Ebola Decisions Trigger Domino Effect

Yesterday, Bloomberg News reported that the Ebola virus now threatens to cripple three economies with a combined gross domestic product of about $13 billion.

Commodity companies are slowing production, and airlines are shutting routes. In Liberia, the government says the epidemic threatens to derail progress made since the end of the civil war in 2003. Sierra Leone has canceled its first sale of bonds open to foreigners.

Today, Senegal defended the closure of its border with Guinea, despite warnings that such measures are counterproductive, reports the BBC. The World Health Organization (WHO) says travel bans do not work, especially if they stop doctors going to help tackle the crisis. Senegal's Health Minister Dr Eva Marie Colle Seck told the BBC that the WHO was "learning, like everybody [else]".

"The scale of the outbreak is much larger than anything ever seen before," said Gregory Hartl, a WHO spokesman. "It is an obvious source of concern and it is not to be underestimated, but we must take measures commensurate with the risk. What you don't want to do is to take blanket measures to cut off travel and trade."

Below, Herbert M'cleod, a special adviser in the Office of the President of Sierra Leone, comments on the financial impact of those blanket measures in  his article "Stop the Ebola Domino Now!"

Sierra Leone, Guinea and Liberia, with support from external partners, are engrossed in urgent and complex issues relating to adequacy of (healthcare) resources, preventing infection and saving lives. Sadly coverage of the outbreak by the international media has produced the mischaracterization of the region as a no-go area.

There is a growing stigmatization of nationals and travellers, and goods and services to and from the region. The evolving nature and form of this could have disastrous economic consequences that go way beyond the sub-region, and could return the three countries to poverty levels prevalent during the earlier conflicts and periods of instability.

Some statements by the WHO warning that Kenya was at "high risk" because of flights to West Africa fed the hysteria and had very damaging consequences. Tourists responded by canceling trips to Kenya and countries as far away as South Africa. Kenya responded by cancelling flights to the affected countries.
The suspension of flights to and from the region feeds into the media-generated hysteria.

There is hardly any mention made of the steps taken to prevent the spread by the potential carriers before travelling, including taking the temperature of all exiting travelers. With the exception of Nigeria, there has been no other case of infection by others of carriers from the sub-region: suspected cases have proved negative.Yet some airlines have cancelled flights and reportedly, Cote d’Ivoire has imposed a ban of ships berthing in any of the ports in the affected countries unless 21 days have elapsed.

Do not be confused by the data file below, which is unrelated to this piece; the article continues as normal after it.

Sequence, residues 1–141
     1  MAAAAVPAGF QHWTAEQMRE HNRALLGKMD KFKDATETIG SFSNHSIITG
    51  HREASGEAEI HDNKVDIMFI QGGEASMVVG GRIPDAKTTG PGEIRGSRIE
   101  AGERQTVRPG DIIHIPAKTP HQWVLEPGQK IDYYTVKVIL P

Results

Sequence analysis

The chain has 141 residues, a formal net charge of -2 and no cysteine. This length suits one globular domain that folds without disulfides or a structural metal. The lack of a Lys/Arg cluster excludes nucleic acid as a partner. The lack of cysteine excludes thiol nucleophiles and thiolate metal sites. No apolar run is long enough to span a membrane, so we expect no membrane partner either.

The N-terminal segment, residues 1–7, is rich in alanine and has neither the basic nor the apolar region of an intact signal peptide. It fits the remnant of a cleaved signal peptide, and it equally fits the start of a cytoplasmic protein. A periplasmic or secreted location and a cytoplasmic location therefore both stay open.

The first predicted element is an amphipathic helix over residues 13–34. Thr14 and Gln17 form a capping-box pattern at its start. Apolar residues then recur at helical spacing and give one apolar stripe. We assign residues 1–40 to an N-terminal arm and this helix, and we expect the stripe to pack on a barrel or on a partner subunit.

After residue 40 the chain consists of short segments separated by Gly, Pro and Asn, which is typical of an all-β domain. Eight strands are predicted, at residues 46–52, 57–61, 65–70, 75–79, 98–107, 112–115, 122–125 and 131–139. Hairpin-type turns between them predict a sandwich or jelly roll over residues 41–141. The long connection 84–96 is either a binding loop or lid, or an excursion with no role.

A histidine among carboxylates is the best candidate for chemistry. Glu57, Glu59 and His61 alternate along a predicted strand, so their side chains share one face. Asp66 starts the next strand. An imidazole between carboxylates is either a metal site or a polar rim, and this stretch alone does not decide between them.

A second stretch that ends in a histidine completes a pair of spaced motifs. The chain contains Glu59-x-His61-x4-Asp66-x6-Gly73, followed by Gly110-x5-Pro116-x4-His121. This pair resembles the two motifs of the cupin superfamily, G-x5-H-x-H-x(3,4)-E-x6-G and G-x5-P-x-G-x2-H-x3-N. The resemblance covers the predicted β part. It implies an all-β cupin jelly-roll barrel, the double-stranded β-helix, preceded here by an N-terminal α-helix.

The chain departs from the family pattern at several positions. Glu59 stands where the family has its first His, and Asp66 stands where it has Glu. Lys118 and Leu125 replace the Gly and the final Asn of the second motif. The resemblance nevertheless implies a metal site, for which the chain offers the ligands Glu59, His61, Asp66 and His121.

These acts are tantamount to a trade and personnel embargo that will have far-reaching economic effects. Examples include:

·      Cancellation of new investments or expansions of operations of large mines;

·      Drastic cuts in tourism – already observed in S. Africa

·      Shortages of spare parts and other imported goods

·      Cancellation of meetings in the sub-region – already done by certain organisations

·      Non-participation of nationals in international forums of economic, political and social importance, even sports events Potentially a shortage of fuel which could have devastating consequences

All three countries (Sierra Leone, Guinea and Liberia) plus Nigeria must take concerted action to change the image of the region as being a no-go area. And in this they need the support of the international community. Governments of the three countries plus Nigeria should act now, and  not shy of getting support from major news channels.The announcement by Cameroon and Equatorial Guinea of embargoes could be the start of a domino effect that will have far-reaching repercussions for the continent.

There is insufficient emphasis and clarification on the methods of transmission of the disease. The prevalent impression is that it is easily transmitted as in the case of influenza. It is transmitted through bodily fluids (similar to HIV) and is not contagious unless the patient is displaying symptoms. This explains, partly, why Ebola occurred three times in Uganda but did not deteriorate into an epidemic. In the case of the current three countries, failure to contain the spread was due to weaknesses in the health system; and this is now being addressed. ---H P M’cleod

Herbert M'cleod is special adviser in the Office of the President of Sierra Leone, and the team leader for government teams renegotiating mining agreements. M'cleod holds a degree and postgraduate degree in Economics and Development Planning, from the Institute of Social Studies, The Hague. He has held various United Nations Development Programme positions to include, director, Operations Policy and Programmes; resident coordinator in numerous countries including the the Democratic Republic of the Congo, Cameroon and Eritrea. His interests are challenges facing post-conflict countries and fragile states; dealing with management and policy complications of natural resource-rich, low-income countries.


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